Staff member checks herb stock levels in Tesco store in Kensington, London in 2015
Tesco failed to pay about £5m to 78,199 workers © Simon Dawson/Bloomberg

Tesco, Pizza Hut and five star luxury hotel The Lowry are among almost 140 companies criticised by the UK government for failing to pay their workers the minimum wage.

Ministers have publicly named and shamed what they described as the “rogue employers” who have breached employment law. 

All 139 companies, which also include Superdrug, St Johnstone Football Club and Müller UK, have been forced to pay back wages to their workers.

This is in addition to financial penalties of up to 200 per cent of the arrears, capped at £10,000 per worker. It is the first time the government has named and shamed companies for failing to pay the national minimum wage since 2018.

Small business minister Paul Scully said: “It is never acceptable for any employer to short-change their workers, but it is especially disappointing to see huge household names who absolutely should know better on this list.”

In total, the companies failed to pay £6.7m to more than 95,000 workers, according to the government, with the vast majority accounted for by Tesco, which failed to pay about £5m to 78,199 workers. 

Pizza Hut missed out on payments of £845,936 to 10,980 workers, while Manchester’s Lowry Hotel failed to pay £63,431 to 99 workers.

Other companies fined included those providing healthcare, nursing, construction, car wash and hospitality services, where many employees are typically paid near or at minimum wages.

The companies were served a notice of underpayment between September 2016 and July 2018 following investigations by HMRC.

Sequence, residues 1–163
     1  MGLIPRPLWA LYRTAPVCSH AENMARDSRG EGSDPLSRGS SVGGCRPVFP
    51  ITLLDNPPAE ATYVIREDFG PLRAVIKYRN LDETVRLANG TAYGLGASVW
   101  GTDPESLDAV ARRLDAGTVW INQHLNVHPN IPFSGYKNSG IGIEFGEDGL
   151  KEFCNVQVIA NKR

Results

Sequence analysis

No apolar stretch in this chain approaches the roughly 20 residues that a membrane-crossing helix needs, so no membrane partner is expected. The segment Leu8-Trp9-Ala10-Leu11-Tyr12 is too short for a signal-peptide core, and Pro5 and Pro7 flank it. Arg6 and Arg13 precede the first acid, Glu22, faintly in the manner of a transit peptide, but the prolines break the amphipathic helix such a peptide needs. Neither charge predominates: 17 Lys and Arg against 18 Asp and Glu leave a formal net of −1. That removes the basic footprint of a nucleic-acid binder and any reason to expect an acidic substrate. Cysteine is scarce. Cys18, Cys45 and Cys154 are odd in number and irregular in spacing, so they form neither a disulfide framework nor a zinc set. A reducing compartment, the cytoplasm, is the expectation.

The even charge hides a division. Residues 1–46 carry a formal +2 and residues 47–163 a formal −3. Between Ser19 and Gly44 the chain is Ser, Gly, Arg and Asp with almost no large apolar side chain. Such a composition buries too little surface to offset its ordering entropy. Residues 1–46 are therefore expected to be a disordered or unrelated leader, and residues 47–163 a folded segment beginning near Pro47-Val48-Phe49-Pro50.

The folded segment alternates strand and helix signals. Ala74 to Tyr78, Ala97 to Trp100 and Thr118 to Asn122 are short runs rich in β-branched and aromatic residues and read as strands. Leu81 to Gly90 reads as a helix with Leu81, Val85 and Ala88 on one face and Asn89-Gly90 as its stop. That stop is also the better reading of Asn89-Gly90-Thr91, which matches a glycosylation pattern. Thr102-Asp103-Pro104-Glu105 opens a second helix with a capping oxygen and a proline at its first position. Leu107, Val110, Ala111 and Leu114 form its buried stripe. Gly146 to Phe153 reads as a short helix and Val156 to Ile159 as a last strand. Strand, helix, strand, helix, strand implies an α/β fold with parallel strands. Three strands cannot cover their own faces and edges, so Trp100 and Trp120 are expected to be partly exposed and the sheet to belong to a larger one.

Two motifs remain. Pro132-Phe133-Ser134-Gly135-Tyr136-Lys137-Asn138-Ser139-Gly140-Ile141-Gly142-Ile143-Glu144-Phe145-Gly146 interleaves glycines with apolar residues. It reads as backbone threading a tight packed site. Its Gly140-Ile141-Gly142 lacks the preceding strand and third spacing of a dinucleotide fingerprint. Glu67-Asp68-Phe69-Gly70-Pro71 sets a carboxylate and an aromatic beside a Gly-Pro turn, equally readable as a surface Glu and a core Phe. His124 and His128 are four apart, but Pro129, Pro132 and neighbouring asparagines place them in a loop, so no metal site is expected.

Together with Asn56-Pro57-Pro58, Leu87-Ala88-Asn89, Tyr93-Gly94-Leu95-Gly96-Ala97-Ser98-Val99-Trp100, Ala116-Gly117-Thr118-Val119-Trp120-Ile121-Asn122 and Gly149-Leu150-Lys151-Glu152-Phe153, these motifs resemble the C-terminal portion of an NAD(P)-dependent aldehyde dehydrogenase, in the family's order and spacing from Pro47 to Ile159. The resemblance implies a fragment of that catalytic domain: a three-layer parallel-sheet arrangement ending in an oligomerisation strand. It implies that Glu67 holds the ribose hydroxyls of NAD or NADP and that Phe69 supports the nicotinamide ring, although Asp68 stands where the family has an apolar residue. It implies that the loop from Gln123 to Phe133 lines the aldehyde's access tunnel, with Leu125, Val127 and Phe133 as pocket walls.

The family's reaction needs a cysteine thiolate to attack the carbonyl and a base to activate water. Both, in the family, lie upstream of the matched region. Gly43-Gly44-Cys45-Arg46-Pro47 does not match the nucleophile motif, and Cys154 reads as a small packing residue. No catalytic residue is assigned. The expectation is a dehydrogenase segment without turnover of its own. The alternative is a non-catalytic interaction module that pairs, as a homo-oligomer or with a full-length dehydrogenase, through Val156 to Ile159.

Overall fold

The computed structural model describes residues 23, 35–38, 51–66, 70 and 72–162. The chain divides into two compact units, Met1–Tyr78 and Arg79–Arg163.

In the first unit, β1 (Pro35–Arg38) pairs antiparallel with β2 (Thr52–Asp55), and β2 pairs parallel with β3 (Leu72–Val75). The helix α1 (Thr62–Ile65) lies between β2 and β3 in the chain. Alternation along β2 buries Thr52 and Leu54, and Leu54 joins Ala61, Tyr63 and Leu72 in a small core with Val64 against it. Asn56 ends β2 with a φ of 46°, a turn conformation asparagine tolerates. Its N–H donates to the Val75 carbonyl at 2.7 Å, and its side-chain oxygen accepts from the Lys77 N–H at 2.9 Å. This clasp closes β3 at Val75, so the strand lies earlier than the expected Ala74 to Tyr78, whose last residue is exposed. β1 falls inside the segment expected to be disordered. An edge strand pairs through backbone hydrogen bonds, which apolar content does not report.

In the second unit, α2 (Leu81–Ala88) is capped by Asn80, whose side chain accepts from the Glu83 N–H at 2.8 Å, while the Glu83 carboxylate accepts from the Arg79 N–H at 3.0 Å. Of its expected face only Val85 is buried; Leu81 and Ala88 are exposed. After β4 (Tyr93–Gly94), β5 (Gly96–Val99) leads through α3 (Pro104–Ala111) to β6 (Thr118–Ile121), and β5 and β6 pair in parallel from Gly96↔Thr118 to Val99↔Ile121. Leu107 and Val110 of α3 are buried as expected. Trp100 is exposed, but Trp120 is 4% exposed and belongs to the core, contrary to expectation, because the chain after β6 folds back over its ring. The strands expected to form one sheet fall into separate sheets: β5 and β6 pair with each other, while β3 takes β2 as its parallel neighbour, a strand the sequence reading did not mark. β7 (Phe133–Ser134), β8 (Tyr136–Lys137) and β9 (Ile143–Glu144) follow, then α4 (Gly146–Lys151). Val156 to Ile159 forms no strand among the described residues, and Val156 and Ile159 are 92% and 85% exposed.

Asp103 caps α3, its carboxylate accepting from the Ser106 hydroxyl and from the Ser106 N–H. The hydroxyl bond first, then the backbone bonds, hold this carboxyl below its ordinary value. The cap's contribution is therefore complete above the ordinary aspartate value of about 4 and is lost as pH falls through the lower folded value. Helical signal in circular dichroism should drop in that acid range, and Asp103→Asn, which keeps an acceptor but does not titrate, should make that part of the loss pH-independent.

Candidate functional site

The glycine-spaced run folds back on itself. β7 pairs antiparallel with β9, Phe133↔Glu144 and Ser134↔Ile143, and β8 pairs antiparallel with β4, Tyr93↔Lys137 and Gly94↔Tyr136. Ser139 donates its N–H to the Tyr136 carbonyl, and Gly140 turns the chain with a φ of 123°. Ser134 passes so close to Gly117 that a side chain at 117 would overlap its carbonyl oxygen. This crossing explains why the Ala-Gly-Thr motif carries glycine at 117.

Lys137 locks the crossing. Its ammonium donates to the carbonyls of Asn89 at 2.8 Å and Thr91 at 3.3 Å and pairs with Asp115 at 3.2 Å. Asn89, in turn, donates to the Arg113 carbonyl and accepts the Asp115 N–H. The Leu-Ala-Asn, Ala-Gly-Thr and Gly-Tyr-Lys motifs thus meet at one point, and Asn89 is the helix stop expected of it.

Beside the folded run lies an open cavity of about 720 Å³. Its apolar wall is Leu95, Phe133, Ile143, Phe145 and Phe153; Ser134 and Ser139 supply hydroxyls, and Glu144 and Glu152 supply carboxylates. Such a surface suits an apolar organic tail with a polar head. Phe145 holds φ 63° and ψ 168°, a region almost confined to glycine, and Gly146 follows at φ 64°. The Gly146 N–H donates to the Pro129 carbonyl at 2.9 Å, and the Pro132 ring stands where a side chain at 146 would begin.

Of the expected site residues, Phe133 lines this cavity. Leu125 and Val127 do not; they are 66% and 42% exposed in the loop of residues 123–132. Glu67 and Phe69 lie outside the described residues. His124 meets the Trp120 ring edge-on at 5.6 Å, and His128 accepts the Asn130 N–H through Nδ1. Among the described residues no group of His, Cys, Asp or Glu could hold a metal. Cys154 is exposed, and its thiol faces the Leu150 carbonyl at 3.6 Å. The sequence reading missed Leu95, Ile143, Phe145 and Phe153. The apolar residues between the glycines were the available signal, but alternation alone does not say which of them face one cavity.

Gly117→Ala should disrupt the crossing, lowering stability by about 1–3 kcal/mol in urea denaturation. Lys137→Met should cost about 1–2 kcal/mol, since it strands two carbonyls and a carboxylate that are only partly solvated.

The government found that low-paid employees were often forced to cover mandatory work costs from their wages, such as their uniform, training or parking. Other employers failed to raise employees’ pay after a birthday moved them into a different wage bracket.

The companies were fined regardless of whether the breach was intentional. 

Tesco said that in 2017 it had identified “a technical issue that meant some colleagues’ pay inadvertently fell below the national minimum wage”, which then led to it reporting the error to HMRC. 

The supermarket said that it was “therefore extremely disappointed and surprised to have been included in this list as none of the examples shared by BEIS relate to Tesco, and it was Tesco that self-reported this issue to HMRC in the first instance”.

Tesco added: “We are very sorry this happened and proactively reported the issue to HMRC at the time. All our colleagues were reimbursed in full and we immediately changed our policies to prevent this happening again. In most cases the reimbursement was £10 or less.” 

Pizza Hut said that “several years ago, along with many other businesses in the sector, HMRC made us aware of an error relating to a historic uniform policy”, adding that there was “never any intent to underpay our employees”.

“In 2018 we completed a wage adjustment for current and former employees working closely with the HMRC to understand who was eligible . . . we are confident that the necessary processes have been fixed to ensure that this will not happen again.”

The Lowry did not respond to a request for comment.

Last month, the government increased national living wage and national minimum wage rates from April 2021.

Every worker is entitled to the national minimum wage, which will be increased by between 1.5 per cent and 2 per cent depending on age bracket, while the national living wage will increase 2.2 per cent to £8.91 an hour for workers aged 23 and above.

Letter in response to this article:

This is how capitalism created its ‘precariat’ / From Margaret Ford, London N1, UK

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